So, when you actually sat down to write the book, when you started writing it, did you sort of pick a starting spot and go forward from there? Or did you have bits and pieces that you had written, like fragments of memories and stories and anecdotes and then you had to try to weave those into some kind of narrative?

Toni

Yes, I did. I wrote little pockets of stories and then started to… actually through my writers’ group when I enlisted a couple of my friends to try and critique it a little bit and they were saying, “You’re still writing too much in a sort story mode. You’ve got to make it flow a bit better.” So, that was really good support that I had through them.

Allison

That’s important, do you think? That support from other writers as you’re sort of going through that process?

Toni

Oh, absolutely, because it’s really scary, as you know, to offer your writing and bare your soul. Yeah, it takes a bit of courage to do that as well, I think.

Allison

Yes, it does.

Toni

And because I live in such an isolated area, I mean our writing group is our support group, so we really try… and a few of us are quite experienced now to be very fair. We only critique fairly. We don’t… of course you can’t, you know, make any personal complaints, personal observations and just help that you’re helping each other move along.

Allison

Writers’ groups have different sort of benefits and rules and things like that as they go, but yours is obviously quite established. So, is it mostly to keep the forward momentum of the projects that you guys are aiming at? Do you sort of set rules out? How does a writers’ group work for you?

Toni

We’re a hobby group only, like we’re not a proper incorporated body or anything like that. We’ve actually written seven anthologies over the last 20 years.

Allison

Oh wow.

Toni

I tend to do the covers and a bit of the layout and stuff and we self-publish on Lulu.com

Allison

OK, cool.

Toni

And the whole philosophy for ours is to finish stuff. And so by doing the anthologies it’s like you finish stuff, you put that away or take it onto the next step if you want, and it gives everyone an opportunity to put their stuff out there.

Allison

And make progress.

Toni

Make progress. And we have friends, writer friends in Darwin, you know, well-published writers who often do proofing and a bit of grammar checking for us and stuff like that. So, we have really good support.

Allison

Excellent.

As you say, you live in Katherine Northern Territory, which incidentally is also where I spent part of my sunburnt childhood, so I find it quite fascinating. But, do you think that writers in isolated areas, like Katherine, or even the Northern Territory in general, as you say there’s a writers’ festival every two years and you’ve either got to fly interstate for other things or not, do you think they face particular challenges of their own? And if that’s the case what do you do to overcome them?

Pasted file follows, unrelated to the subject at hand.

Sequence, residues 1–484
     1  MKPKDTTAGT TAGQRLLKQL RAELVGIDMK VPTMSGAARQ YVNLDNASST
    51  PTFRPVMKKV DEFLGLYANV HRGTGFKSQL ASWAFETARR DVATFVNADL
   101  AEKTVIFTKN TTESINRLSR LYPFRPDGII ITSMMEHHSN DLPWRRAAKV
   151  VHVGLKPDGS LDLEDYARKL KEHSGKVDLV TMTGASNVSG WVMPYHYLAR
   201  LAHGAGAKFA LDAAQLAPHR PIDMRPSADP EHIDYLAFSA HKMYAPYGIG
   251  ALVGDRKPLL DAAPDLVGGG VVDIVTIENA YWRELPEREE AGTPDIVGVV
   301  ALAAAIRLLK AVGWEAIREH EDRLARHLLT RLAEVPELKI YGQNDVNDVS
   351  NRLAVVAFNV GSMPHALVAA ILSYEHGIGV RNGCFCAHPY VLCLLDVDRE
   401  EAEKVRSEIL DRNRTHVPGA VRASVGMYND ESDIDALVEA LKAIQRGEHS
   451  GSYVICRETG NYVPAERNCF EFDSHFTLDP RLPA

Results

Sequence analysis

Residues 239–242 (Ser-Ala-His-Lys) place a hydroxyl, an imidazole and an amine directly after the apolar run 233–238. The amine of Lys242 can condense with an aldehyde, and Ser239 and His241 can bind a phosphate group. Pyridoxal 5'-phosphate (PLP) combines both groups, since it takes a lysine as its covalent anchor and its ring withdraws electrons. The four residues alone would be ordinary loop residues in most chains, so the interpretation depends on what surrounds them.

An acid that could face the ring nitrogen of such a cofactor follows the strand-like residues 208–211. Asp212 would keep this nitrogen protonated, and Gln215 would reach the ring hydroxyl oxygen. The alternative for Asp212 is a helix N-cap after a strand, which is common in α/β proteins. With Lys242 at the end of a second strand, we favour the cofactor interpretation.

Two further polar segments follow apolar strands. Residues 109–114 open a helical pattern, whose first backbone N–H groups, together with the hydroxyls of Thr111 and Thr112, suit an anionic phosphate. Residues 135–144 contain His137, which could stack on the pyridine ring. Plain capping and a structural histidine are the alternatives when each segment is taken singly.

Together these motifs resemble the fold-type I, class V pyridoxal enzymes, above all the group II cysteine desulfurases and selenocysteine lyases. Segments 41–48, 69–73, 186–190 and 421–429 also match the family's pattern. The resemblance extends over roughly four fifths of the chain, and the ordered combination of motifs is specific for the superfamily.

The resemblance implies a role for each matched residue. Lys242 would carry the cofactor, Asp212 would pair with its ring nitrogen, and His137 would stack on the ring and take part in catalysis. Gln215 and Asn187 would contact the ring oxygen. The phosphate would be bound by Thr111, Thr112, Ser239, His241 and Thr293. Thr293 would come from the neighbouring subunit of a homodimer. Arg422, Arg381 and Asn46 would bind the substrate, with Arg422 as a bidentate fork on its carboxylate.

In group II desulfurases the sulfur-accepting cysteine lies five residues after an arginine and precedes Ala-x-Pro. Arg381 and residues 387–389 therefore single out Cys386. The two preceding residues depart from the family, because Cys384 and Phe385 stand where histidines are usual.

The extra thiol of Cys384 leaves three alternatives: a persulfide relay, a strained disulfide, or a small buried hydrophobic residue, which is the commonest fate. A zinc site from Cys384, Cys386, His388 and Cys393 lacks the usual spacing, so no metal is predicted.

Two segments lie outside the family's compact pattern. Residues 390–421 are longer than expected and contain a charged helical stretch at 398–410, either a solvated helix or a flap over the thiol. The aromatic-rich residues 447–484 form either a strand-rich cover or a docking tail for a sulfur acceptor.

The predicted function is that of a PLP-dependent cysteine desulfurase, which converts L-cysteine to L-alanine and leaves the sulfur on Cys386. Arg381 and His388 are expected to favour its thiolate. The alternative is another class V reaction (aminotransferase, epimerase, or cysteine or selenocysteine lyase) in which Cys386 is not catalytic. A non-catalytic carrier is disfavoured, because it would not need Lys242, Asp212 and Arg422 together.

Toni

Yeah, well I think it is a challenge. When you don’t get much exposure and the ability to mix with other writers at the level that you’re at, maybe… you know in our group we’ve got a couple of fabulous poets. One of our writers, a doctor here in town, has won the Short Fiction NT Literary Award three times. So, you know, we have really good writers, but, yeah, you still need that exposure, you need to be able to go and talk to people, go to those workshops and panels and things I think, and listen about what people are doing.

Allison

And is that a matter of you having to actually just, like, make the time to go? Like, do you have to fly into state every once in a while just to go to a festival or whatever is on?

Toni

Well, I haven’t. I always go to the one in Darwin, it’s called Wordstorm. I think being such a small festival, I mean I’ve met Germaine Greer and Christoph…, or however you say his name. I was on a panel with Magda Szubanski early this year.

Allison

Wow, what fun.

Toni

Yeah, talking memoir. And of course she’s gorgeous. She is what you see is what you get.

Allison

Yep.

Toni

But, again, then you get that exposure with someone like Magda, who tells you her story of writing this book. She said she wrote almost 250,000 initially because she just had to keep blurting it out and she had done all of the research and been back to Poland, et cetera, et cetera. And then how it comes back down to being a memoir, I think about 100,000 words. And you want to hear that. You want to hear that whether you’re Magda Szubanski or whoever you are, it’s a lot of work and you can’t give up.